So far in 2017, we’ve seen economically sensitive cyclicals (Consumer Discretionary, Energy, Financials, Industrials, Information Technology, and Materials) continue to underperform their defensive counterparts (Consumer Staples, Health Care, Real Estate, Telecommunication Services, and Utilities).
Health Care has driven this year’s returns for defensive sectors (as was the case in 2015), while within the sector biotechnology stocks have led, as was also the case in 2015.
Earlier in the year, the lead for growth stocks suggested a consolidating market to us, one in which last year’s winners (that is, cyclicals) reversed roles with 2016’s disappointments (healthcare stocks having corrected in 2016).
Nearly three-quarters of the way through the year with growth’s leadership still firmly in place, we are beginning to see the current U.S. stock market as disconnected from what’s happening in the economy.
Both stock and bond investors appear to be pessimistic. The yield on the 10-year Treasury has been falling through most of the year, which typically (though not always) signals concerns about economic growth, just as investors’ preferences for more duration and defensive investments often does.
We are more optimistic. So while we see ample uncertainty, we also see more than enough reasons to be cheerful about economic prospects—especially on the global level.
To begin with, 2017 looks nothing like 2015 to us. We have an expanding global economy, the possibility of improved GDP growth in the U.S., and no one is talking seriously about looming recessions.
So while almost no one seems excited by the slow rate of U.S. economic growth, we think it’s important to note that our economy is growing—and even at “this petty pace,” slow growth beats contraction or flatlining.
Equally important is the improving global picture.
Japan recently reported its best quarterly GDP numbers in more than two years, lifted by consumer and CAPEX spending; the eurozone, unresolved Brexit issues notwithstanding, continues to do well, and China’s strengthening currency is another in a series of signs that its economy is roaring back.
Of course, valuations are high for many stocks across the market cap spectrum. Yet we looked at the 15-year average of EV/EBIT for the Russell 2000 Index, separating the metric into cyclical and defensive.
Russell 2000 Median LTM EV/EBIT 1 ex Negative EBIT as of 6/30/17
1 Last twelve months enterprise value/earnings before interest and taxes
Cyclical and Defensive are defined as follows:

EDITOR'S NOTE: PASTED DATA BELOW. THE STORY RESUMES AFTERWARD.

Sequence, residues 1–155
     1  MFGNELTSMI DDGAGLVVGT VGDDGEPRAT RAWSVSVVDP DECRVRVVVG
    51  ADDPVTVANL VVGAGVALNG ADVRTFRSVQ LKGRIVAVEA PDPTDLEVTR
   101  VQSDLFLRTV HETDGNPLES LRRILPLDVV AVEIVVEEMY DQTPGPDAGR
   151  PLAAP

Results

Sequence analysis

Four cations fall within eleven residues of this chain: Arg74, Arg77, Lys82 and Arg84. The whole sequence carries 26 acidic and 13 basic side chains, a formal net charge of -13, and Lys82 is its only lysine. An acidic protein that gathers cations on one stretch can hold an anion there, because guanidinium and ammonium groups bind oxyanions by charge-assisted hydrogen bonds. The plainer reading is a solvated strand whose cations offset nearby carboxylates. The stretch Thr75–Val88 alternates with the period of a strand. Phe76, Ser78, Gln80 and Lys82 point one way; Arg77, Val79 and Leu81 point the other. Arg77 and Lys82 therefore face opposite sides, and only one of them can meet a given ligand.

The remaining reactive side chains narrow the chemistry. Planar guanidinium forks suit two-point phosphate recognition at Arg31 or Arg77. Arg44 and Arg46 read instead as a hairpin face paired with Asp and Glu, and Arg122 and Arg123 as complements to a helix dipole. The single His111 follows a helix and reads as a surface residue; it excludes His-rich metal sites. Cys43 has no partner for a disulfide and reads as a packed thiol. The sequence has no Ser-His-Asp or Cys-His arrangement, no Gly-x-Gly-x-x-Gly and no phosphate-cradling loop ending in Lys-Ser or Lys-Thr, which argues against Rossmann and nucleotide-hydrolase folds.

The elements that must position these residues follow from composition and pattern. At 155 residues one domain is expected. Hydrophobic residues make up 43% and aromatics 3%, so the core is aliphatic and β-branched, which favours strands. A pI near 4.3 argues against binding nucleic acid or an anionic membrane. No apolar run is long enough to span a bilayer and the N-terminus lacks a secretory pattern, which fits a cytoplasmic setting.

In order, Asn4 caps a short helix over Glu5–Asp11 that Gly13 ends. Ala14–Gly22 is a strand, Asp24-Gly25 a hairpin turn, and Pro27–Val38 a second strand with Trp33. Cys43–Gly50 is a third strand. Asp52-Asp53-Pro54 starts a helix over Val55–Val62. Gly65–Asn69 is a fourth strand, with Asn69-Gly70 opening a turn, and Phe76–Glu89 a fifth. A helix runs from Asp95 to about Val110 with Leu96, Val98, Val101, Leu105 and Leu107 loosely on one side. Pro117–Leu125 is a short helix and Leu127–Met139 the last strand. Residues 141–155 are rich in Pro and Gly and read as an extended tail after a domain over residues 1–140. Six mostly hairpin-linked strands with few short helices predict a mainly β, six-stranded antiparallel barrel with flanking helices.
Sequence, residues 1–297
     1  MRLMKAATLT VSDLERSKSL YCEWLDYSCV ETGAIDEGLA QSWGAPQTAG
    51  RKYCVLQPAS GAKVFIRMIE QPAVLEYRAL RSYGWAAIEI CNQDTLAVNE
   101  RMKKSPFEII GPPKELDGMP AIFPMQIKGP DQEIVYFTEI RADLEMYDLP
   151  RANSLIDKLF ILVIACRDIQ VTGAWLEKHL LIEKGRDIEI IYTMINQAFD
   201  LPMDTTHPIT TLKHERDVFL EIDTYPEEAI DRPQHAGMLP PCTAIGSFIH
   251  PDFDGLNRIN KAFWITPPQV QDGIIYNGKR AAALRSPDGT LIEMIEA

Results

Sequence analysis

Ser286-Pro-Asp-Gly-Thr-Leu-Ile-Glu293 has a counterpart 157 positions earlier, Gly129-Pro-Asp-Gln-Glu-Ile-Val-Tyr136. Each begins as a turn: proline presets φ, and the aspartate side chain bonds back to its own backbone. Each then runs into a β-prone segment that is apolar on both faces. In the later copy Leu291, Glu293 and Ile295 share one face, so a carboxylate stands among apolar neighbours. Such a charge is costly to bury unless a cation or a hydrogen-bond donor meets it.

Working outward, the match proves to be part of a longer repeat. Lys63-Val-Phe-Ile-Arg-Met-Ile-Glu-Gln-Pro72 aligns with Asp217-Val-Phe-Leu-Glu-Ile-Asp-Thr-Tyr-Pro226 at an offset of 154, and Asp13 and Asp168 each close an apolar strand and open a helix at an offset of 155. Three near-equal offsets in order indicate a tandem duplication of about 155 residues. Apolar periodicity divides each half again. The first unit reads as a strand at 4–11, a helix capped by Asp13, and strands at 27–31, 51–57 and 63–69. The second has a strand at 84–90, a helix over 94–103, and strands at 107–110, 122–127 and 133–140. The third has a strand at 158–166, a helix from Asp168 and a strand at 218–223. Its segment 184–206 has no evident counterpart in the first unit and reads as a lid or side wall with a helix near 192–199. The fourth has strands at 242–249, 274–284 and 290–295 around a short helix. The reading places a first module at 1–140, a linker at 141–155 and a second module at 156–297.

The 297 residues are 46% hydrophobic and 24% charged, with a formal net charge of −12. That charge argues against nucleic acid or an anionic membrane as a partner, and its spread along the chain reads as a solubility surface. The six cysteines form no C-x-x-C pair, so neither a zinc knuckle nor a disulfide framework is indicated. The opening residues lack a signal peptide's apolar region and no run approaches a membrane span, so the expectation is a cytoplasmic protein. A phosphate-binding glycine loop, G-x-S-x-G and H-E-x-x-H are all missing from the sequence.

Cyclical: Consumer Discretionary, Energy, Financials, Industrials, Information Technology, Materials. Defensive: Consumer Staples, Health Care, Real Estate, Telecommunication Services, Utilities
The average for cyclicals is running a little higher than its long-term average, but still looks much better than the average for defensives—which are running substantially higher.
We think solid-to-strong prospects for the global economy, along with relatively more attractive valuations, should mean good things for a certain kind of small-cap company.
From our perspective, small-caps in cyclical industries with global exposure look poised to lead —and we are happy to be holding many.
Important Disclosure Information
Mr. Gannon's thoughts and opinions concerning the stock market are solely his own and, of course, there can be no assurance with regard to future market movements. No assurance can be given that the past performance trends as outlined above will continue in the future.
Frank Russell Company (“Russell”) is the source and owner of the trademarks, service marks and copyrights related to the Russell Indexes. Russell® is a trademark of Frank Russell Company. Neither Russell nor its licensors accept any liability for any errors or omissions in the Russell Indexes and / or Russell ratings or underlying data and no party may rely on any Russell Indexes and / or Russell ratings and / or underlying data contained in this communication. No further distribution of Russell Data is permitted without Russell’s express written consent. Russell does not promote, sponsor or endorse the content of this communication. The Russell 2000 Index is an unmanaged, capitalization-weighted index of domestic small-cap stocks. It measures the performance of the 2,000 smallest publicly traded U.S. companies in the Russell 3000 Index. The performance of an index does not represent exactly any particular investment, as you cannot invest directly in an index.
Sector weightings are determined using the Global Industry Classification Standard ("GICS"). GICS was developed by, and is the exclusive property of, Standard & Poor's Financial Services LLC ("S&P") and MSCI Inc. ("MSCI"). GICS is the trademark of S&P and MSCI. "Global Industry Classification Standard (GICS)" and "GICS Direct" are service marks of S&P and MSCI.
This material is not authorized for distribution unless preceded or accompanied by a current prospectus. Please read the prospectus carefully before investing or sending money. Investments in securities of micro-cap, small-cap, and/or mid-cap companies may involve considerably more risk than investments in securities of larger-cap companies. (Please see "Primary Risks for Fund Investors" in the prospectus.) Investments in foreign companies may be subject to different risks than investments in securities of U.S. companies, including adverse political, social, economic, or other developments that are unique to a particular country or region. (Please see "Investing in International Securities" in the prospectus.)